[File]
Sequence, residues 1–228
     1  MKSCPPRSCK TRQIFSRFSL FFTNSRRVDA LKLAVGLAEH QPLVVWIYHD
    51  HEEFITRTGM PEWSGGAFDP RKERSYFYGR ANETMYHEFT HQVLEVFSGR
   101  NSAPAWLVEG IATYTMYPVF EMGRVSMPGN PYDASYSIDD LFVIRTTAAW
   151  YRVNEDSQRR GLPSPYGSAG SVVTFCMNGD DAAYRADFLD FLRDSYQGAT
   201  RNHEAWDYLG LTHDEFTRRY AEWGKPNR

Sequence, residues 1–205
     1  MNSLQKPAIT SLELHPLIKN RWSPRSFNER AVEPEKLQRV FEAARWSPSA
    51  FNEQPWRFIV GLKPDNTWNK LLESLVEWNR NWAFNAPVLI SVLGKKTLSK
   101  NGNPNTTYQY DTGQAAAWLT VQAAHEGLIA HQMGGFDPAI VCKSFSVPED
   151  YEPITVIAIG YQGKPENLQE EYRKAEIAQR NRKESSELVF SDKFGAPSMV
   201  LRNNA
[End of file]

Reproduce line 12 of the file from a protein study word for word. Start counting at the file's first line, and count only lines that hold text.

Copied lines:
   201  LRNNA